What the other papers say this morning - 20 September 2013


Buyout to keep Caesars afloat
The Las Vegas-based casino operator said this week it was seeking to raise almost $5bn in bonds and loans to refinance its commercial mortgage-backed securities and a chunk of junior debt. Apollo Global Management and TPG bought Caesars, at the time known as Harrah’s, in early 2008, paying $30bn – of which $25bn was debt.

Paulson warns of regulatory conflict Hank Paulson has warned that competing financial regulations could “devolve into financial protectionism”, serving narrow national interests of companies and regulators while hurting the public. The former US Treasury secretary said reforms put in place after the 2008 crisis could lead to “walling off markets, constricting cross-border access to capital and conflicting requirements for global firms” while supporting “regulators, exchange, clearing houses or national financial institutions”.

Billionaire gives £75m to scholarship
A Canadian billionaire has given £75m to ensure the future of the century-old Rhodes scholarship programme at Oxford university, which counts former US President Bill Clinton and six Commonwealth prime ministers among its most prominent alumni. The donor, John McCall MacBain, owns one of the world’s largest classified advertising empires.


Halliburton fined over Deepwater
Halliburton has been fined for destroying evidence connected to its role in the BP Deepwater Horizon disaster. The American company will pay $200,000 for destroying the results of a computer simulation of the cement seal that it provided to the British oil giant.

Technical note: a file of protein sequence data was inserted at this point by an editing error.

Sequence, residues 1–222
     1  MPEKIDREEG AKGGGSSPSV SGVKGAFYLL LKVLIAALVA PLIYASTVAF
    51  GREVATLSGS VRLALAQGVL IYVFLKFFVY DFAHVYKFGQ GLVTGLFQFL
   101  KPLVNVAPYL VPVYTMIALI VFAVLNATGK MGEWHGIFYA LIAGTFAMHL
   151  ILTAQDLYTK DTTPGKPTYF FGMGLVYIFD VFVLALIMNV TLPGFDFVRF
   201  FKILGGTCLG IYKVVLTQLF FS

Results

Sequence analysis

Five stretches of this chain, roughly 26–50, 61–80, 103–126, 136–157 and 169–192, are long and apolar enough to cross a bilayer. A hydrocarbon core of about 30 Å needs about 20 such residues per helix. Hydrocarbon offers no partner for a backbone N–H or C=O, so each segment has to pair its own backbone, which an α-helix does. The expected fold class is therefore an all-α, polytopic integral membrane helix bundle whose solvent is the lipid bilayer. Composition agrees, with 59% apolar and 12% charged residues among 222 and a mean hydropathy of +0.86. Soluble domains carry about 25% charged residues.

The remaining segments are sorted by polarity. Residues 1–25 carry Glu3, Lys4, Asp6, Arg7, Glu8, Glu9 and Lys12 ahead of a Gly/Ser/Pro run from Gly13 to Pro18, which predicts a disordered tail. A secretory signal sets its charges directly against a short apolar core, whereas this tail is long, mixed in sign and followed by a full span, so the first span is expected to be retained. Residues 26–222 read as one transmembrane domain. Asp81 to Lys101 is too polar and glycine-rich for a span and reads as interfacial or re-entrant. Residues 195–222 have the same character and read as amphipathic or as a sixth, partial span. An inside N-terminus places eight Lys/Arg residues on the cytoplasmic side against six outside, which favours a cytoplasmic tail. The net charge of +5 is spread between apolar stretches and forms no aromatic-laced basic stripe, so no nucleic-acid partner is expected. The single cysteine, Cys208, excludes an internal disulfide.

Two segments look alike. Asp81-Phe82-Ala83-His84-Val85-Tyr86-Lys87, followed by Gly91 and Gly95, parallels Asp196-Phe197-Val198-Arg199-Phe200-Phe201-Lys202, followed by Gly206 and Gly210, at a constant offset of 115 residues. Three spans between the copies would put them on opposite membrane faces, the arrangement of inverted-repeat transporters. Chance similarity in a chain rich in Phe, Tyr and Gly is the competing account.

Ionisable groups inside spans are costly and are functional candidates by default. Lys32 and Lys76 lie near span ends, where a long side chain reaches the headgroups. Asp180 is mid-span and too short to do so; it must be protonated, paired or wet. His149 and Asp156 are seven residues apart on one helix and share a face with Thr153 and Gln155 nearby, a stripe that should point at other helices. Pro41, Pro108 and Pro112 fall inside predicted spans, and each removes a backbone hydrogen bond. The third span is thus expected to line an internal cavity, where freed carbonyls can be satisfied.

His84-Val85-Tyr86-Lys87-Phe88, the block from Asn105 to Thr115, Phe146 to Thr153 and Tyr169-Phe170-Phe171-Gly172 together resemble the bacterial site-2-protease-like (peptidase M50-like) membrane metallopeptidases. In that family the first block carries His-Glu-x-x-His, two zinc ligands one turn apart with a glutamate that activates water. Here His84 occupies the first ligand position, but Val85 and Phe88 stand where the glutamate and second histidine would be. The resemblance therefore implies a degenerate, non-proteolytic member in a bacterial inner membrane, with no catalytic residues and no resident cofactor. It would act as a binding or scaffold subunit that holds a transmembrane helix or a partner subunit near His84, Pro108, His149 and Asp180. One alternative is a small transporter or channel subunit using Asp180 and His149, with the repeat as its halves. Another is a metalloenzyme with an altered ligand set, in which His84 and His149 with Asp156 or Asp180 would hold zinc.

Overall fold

Camelot favourite to run Irish lottery
Camelot is being tipped as a frontrunner to take over the Irish National Lottery as it prepares to lodge its bid for a 20-year licence. The Times understands that the bid will be submitted by the noon deadline today by Ontario Teachers’ Pension Plan, Camelot’s Canadian owner.

The Daily Telegraph

Just 12 homes get Green Deal
The government’s flagship Green Deal scheme is making “painfully slow” progress, with just 12 homes installing energy saving measures since its launch in January. The figures also showed the number of homes assessed for energy-saving measures fell in August.

Germany industry in energy revolt
Germany’s top economic adviser has called for a radical rethink of the country’s energy policies, warning that the green dream is going badly wrong as costs spiral out of control. “We need a drastic policy shift,” said Christoph Schmidt, chair of Germany’s Council of Economic Experts.


Weinstein raising new credit facility
Independent film studio Weinstein is raising a credit facility of around $370m that will put it on stronger financial footing as it continues a three-year comeback from the brink of disaster. Expected to close within weeks, the arrangement would replace a pair of existing credit facilities.

New York Times restores dividend
New York Times will restore a dividend payment to company shareholders that was eliminated four years ago, putting to use cash raised through a string of recent divestitures. The Times board approved a payment of $0.04 per share.